Bath Abbey: A Former Benedictine Monastery

A Place Of Worship Just 55 Minutes (40 Miles) From The King John Inn

Looming above the busy streets of Bath, the magnificent Bath Abbey attracts hundreds of thousands of people through its doors each year.

If you’re looking for the perfect base from which to explore Bath Abbey, then look no further than The King John Inn. Located just 40 miles away from the historic centre of Bath, our pub and inn offers 8 sumptuous en-suite bedrooms, delicious drinks and a mouthwatering pub menu.

History Of Bath Abbey

Since 757 AD, the location of Bath Abbey has served as a site for Christian worship, witnessing the presence of three distinct churches over the centuries. Initially, an Anglo-Saxon monastery was erected, where the coronation of King Edgar, the inaugural king of all England, took place in 973 AD. The ceremony formed the basis for the coronation of all future Kings and Queens of England!

Following the Norman conquest, the monastery was replaced with a huge cathedral around 1090, which had turned to ruins by the 15th century.

The building of the present Abbey started in 1499, but due to the dissolution of the monasteries in 1539, was not officially completed until 1616, meaning it took nearly 120 years from start to finish!

The Ladders Of Angels

One of Bath Abbey’s most striking features is its West Front, which features a huge arched window and intricate stone carvings.

To either side of the window are long stone ladders, filled with carved angels climbing up and down them. It’s believed that the design was thought up by the Bishop of Bath Oliver King, who was inspired by a dream he’d had of angels ascending and descending above him.

Bath Abbey's Fan-Vaulted Ceiling

Considered one of the finest examples of fan vaulting in the country, the Abbey’s beautiful ceiling dates back to the early 1500s and was constructed by master architects Robert and William Vertue. Eagle-eyed visitors may be able to spot a slight difference in the vaulting above the nave (the central part of the Abbey) – this section of the ceiling was restored in the 1860s.

Bath Abbey Memorials And Burials

Bath Abbey is home to 1,526 memorials – 635 on the walls and 891 on the floor. These poignant tributes commemorate people from all walks of life – from the Chilton family, who were plumbers in Bath in the early 19th century, to US Senator William Bingham.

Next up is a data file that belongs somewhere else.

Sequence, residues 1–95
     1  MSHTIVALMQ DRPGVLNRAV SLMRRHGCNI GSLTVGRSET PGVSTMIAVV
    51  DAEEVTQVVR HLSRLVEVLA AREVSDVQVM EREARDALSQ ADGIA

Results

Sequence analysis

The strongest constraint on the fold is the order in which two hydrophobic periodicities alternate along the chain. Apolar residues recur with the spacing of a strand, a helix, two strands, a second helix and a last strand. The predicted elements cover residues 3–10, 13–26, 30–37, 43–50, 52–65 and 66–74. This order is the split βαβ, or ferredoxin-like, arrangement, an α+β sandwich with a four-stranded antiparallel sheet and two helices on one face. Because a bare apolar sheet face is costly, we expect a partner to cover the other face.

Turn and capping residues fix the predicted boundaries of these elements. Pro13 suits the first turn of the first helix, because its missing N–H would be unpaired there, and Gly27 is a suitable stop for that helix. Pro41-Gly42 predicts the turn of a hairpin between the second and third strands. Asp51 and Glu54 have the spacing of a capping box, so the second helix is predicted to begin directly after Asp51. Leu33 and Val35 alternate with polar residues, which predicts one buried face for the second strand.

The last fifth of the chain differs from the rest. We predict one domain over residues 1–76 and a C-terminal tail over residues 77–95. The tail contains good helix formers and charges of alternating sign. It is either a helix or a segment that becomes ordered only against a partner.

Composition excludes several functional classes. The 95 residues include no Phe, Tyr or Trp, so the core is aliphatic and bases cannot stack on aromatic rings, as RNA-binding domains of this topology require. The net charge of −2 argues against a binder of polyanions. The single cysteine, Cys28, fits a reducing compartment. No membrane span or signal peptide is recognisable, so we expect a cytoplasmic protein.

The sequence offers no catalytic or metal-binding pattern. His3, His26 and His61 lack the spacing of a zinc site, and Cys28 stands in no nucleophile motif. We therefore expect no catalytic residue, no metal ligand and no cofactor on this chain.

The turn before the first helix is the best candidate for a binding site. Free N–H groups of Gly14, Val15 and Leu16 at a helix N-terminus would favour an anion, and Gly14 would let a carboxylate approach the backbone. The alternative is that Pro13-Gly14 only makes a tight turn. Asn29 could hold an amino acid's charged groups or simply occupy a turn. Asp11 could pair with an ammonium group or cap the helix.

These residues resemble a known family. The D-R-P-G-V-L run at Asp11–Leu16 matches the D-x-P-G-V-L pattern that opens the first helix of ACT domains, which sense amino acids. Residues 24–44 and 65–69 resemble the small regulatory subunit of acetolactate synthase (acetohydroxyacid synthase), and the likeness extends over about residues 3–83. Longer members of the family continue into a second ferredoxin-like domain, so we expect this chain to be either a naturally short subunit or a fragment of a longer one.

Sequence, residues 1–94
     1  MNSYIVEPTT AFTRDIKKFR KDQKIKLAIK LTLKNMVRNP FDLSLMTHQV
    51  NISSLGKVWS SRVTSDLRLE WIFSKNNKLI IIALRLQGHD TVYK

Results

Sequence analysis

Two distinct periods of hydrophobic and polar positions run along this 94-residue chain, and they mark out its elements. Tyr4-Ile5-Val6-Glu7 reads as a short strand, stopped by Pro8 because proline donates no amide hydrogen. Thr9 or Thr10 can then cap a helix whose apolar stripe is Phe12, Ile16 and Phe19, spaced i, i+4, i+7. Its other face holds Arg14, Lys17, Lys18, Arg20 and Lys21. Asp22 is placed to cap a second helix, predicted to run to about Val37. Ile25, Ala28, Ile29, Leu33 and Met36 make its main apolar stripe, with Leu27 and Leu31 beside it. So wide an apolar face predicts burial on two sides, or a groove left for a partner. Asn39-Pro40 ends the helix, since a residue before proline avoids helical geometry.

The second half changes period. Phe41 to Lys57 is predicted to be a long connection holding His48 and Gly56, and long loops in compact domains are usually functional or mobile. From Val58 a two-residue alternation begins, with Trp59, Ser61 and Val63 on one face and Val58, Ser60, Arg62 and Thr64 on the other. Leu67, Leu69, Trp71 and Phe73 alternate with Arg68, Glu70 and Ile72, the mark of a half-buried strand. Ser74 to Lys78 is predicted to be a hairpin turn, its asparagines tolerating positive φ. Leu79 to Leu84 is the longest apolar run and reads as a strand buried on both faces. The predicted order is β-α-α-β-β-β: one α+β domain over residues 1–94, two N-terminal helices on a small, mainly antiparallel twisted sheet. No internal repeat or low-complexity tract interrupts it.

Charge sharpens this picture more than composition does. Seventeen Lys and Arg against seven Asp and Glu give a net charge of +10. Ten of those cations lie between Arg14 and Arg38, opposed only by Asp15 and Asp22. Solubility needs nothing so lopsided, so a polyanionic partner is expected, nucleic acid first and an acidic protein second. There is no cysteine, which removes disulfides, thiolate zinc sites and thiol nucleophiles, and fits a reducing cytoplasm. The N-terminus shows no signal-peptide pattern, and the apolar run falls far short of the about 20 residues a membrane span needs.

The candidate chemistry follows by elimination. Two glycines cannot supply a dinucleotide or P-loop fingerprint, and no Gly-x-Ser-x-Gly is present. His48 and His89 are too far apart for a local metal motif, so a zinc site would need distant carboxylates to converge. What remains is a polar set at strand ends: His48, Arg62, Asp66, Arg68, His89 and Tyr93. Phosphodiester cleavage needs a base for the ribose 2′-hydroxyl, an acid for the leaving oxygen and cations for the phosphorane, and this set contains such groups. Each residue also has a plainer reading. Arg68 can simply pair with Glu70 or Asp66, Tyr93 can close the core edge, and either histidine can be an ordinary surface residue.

There are also thought to be up to 8,000 bodies buried beneath the Abbey floor. The earliest burial to be discovered is from 1625, with the last body laid to rest in 1845.

The Windows Of Bath Abbey

Bath Abbey houses some magnificent stained glass windows depicting an array of stories, including:

The Great East Window, which tells the story of Jesus in 56 scenes.
The King Edgar Window, which shows the crowning of Edgar as the first king of all England at the Saxon monastery once located where the current Abbey stands today.
The West Window, which depicts stories from the first five books of the Bible, including God’s Creation of Eve and Noah’s Ark.

Bath Abbey Tower Tours

If you’re feeling energetic, you can join a Tower Tour and climb the 212 steps to the top of the church tower for stunning views of Bath and beyond.

Taking around 45 minutes to complete, the tour offers a fascinating glimpse into the history of Bath Abbey, as well as the chance to see the ringing chamber and the Abbey’s 18th century bells, stand on top of the Abbey’s famous fan-vaulted ceiling, and the opportunity to sit behind the Abbey’s clock face!

Directions To The King John Inn From Bath Abbey

Nestled inside the beautiful Cranborne Chase on the borders of Wiltshire and Dorset, The King John is a true British country inn.

To reach The King John Inn from the Podium Car Park near Bath Abbey, you must head south on Walcot Street (A3039) and then turn right onto Broad Street. Turn right onto Saracen Street and then turn left onto Walcot Street (A3039). Continue for approximately half a mile.

At the roundabout, take the 2nd exit onto London Road (A4) and then turn right onto Cleveland Place. Continue onto Bathwick Street and then turn left onto Beckford Road (A36) and continue for 11 miles.

At the roundabout, take the 2nd exit and stay on A36 and then, at the next roundabout, take the 2nd exit and stay on A36 for 5 miles. At the next roundabout, take the 3rd exit and stay on A36 for a further 2 miles.

At Cley Hill Roundabout, take the 2nd exit and stay on A36 and then, at the next roundabout, take the 3rd exit onto A350 and continue for 14 miles. At the roundabout, take the 2nd exit onto Little Content Lane A30/A350 and go through 1 roundabout.

At the roundabout, take the 2nd exit onto Salisbury Road and then turn right onto Higher Blandford Road (B3081). Continue for 1 mile, turning left to stay on the B3081 and The King John Inn will be on your left.